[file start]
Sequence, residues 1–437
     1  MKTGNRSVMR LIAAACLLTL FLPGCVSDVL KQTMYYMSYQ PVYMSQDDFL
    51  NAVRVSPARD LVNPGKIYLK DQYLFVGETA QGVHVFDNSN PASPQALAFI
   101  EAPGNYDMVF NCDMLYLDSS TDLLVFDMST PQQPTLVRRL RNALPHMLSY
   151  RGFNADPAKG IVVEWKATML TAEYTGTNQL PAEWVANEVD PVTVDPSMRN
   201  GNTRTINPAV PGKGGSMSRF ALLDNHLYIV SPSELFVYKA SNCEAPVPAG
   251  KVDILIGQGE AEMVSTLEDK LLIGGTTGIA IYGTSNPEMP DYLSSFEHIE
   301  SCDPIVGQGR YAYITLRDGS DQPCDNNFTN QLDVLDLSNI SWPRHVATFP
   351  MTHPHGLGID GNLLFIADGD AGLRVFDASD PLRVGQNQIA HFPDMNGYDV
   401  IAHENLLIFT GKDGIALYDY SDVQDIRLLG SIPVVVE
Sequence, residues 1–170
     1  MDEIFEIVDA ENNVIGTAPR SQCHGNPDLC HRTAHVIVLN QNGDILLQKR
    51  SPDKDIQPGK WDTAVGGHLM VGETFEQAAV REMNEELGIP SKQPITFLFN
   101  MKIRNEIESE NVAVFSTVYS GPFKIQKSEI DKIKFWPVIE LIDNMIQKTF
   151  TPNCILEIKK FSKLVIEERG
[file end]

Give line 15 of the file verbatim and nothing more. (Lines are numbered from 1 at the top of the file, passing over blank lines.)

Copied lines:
   151  TPNCILEIKK FSKLVIEERG